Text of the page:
The Best Relief Pitcher Every Year Since 1993

1993: Jeff Montgomery

The Cincinnati Reds badly underestimated Jeff Montgomery and sent him to the Kansas City Royals for a middling prospect in August 1987. The Reds’ loss was the Royals’ gain and Montgomery proved it on the hill in the Show Me State. In 1993, the Ohioan appeared in 69 contests and saved 45 games with a 2.27 ERA. Montgomery, a member of the Kansas City Royals’ Hall of Fame, led the American League in saves and earned a spot on its All-Star squad that summer.

Image Source: Jonathan Daniel/Allsport/Getty Images

1994: Rod Beck

Rod Beck was a standout closer throughout much of the 1990s. In fact, Beck was arguably a more effective reliever than Jeff Montgomery was for the Kansas City Royals in 1993. Nonetheless, during the strike-shortened 1994 season, “Shooter” was utterly brilliant out of the bullpen for the San Francisco Giants. In 48.2 innings, Beck saved 28 games and finished with a 2.77 ERA. Beck made his second consecutive All-Star team and procured the National League Rolaids Relief Man Award.

Image Source: Ronald C. Modra/Sports Imagery/Getty Images

1995: José Mesa

Regrettably, José Mesa will always be recalled as the Cleveland Indians’ pitcher who blew a one-run lead in the ninth inning of Game 7 of the 1997 World Series and cost the organization its first crown since 1948. However, in actuality, Mesa was a solid closer who dominated on the mound throughout 1995. In 62 appearances, the two-time All-Star recorded 46 saves and finished with a microscopic 1.13 ERA. Mesa topped the American League in saves and earned its Rolaids Relief Man Award.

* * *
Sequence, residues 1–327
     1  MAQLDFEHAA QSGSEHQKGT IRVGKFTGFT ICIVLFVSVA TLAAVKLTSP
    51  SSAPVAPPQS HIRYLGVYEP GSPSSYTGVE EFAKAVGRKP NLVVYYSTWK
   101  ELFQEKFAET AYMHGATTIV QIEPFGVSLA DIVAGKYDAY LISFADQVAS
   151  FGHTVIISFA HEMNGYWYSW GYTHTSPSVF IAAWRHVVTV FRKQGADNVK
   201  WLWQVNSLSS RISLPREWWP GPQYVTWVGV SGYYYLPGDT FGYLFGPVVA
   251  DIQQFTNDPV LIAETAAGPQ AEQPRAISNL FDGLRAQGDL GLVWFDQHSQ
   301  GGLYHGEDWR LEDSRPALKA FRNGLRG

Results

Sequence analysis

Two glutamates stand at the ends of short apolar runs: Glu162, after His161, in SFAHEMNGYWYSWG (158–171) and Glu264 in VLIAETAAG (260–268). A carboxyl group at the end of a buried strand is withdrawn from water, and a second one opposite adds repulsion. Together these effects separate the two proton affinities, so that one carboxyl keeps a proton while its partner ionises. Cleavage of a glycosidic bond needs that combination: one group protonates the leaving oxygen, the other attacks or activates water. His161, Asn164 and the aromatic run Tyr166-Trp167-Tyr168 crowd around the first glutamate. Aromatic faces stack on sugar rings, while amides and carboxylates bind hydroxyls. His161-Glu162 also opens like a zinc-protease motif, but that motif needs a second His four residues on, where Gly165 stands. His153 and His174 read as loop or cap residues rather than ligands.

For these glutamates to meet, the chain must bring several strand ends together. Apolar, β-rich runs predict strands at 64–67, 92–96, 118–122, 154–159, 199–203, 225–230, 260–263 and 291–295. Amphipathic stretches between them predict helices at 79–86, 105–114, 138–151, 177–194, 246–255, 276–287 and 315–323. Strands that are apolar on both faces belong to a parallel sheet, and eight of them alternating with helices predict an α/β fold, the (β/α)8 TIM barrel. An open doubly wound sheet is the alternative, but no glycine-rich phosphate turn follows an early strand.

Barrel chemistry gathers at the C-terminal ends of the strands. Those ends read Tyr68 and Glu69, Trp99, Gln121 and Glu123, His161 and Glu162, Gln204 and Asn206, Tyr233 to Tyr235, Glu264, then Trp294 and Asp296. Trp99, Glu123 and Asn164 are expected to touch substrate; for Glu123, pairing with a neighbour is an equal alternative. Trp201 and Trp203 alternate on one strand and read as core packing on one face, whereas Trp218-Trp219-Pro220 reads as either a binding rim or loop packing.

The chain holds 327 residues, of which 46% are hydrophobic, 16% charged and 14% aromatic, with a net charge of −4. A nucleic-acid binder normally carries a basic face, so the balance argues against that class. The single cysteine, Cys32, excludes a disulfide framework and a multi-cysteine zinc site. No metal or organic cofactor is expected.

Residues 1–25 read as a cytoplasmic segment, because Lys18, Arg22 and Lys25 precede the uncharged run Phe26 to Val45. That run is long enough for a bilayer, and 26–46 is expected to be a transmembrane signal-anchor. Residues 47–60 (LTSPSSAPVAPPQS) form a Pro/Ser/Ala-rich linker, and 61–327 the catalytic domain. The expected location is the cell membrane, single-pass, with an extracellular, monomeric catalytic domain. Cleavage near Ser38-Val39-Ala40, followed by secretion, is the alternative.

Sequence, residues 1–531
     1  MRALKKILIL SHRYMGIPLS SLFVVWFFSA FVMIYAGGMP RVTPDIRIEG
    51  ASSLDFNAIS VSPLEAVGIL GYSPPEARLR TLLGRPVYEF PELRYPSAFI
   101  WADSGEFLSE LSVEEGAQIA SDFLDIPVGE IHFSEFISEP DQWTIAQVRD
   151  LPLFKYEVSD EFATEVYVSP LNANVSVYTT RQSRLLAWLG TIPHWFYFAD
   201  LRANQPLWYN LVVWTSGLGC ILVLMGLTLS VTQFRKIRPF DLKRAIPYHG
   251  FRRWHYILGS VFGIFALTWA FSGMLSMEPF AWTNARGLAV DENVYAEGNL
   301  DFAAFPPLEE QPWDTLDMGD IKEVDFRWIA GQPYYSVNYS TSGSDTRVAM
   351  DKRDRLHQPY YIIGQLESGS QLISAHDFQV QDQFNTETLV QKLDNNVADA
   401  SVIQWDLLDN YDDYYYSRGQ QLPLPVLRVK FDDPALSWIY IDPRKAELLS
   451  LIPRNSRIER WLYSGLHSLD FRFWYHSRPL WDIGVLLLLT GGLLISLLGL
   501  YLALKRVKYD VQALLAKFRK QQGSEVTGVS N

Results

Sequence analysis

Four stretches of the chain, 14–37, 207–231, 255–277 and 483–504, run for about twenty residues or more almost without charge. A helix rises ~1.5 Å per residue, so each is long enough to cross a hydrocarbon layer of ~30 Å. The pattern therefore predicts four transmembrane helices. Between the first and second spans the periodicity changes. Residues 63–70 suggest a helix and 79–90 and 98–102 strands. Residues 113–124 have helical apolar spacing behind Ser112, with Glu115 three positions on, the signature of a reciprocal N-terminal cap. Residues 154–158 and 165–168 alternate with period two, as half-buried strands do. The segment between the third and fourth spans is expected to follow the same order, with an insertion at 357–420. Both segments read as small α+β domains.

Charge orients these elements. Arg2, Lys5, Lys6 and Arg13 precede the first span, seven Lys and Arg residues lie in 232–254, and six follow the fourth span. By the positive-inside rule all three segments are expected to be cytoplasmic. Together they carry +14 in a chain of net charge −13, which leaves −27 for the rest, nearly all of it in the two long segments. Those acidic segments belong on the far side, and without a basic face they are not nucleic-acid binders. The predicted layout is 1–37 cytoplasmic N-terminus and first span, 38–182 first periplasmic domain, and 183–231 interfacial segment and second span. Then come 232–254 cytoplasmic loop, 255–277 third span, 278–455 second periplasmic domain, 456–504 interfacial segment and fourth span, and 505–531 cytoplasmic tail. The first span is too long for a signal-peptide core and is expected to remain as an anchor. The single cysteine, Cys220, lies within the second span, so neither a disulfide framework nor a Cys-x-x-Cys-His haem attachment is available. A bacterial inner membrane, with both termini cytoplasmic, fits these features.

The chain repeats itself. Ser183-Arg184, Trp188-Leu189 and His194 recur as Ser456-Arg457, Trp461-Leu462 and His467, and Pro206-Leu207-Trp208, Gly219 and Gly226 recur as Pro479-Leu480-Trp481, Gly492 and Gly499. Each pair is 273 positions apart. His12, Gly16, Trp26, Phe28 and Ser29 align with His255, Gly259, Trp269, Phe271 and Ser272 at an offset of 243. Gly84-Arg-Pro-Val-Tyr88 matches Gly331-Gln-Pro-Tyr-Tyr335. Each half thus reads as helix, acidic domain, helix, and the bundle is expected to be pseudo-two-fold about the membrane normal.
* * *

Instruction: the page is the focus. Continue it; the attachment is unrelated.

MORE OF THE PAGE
Image Source: JEFF HAYNES/AFP/Getty Images

1996: John Wetteland

John Wetteland was an overpowering hurler for the Montreal Expos. Regrettably, the Major League Baseball players’ strike in 1994 essentially bankrupt the Expos. Consequently, the organization conducted a radical fire sale and unloaded most of its stars. One of those stars was Wetteland, who was traded to the New York Yankees on April 5, 1995. Although immediately effective in the Bronx, Wetteland truly prospered in his second year with the Yankees. In 1996, the burly right-hander fanned 69 batters in 63.2 innings and saved 43 games with a 2.83 ERA. To punctuate his stellar campaign on the hill, Wetteland procured World Series MVP honors shortly after the Yankees won the Commissioner’s Trophy on October 26.

Image Source: HENNY RAY ABRAMS/AFP/Getty Images

1997: Randy Myers

Randy Myers was a journeyman who produced for nearly every franchise that employed him. Following successful stints with the New York Mets, Cincinnati Reds, San Diego Padres and Chicago Cubs, Myers absolutely soared as a Baltimore Oriole in 1997. That season, the former “Nasty Boy” closed 46 games and logged a 1.51 ERA. Myers also topped the AL in saves, clinched the Rolaids Relief Man Award, and made his fourth and final All-Star squad.

Image Source: /USA TODAY Sports

1998: Trevor Hoffman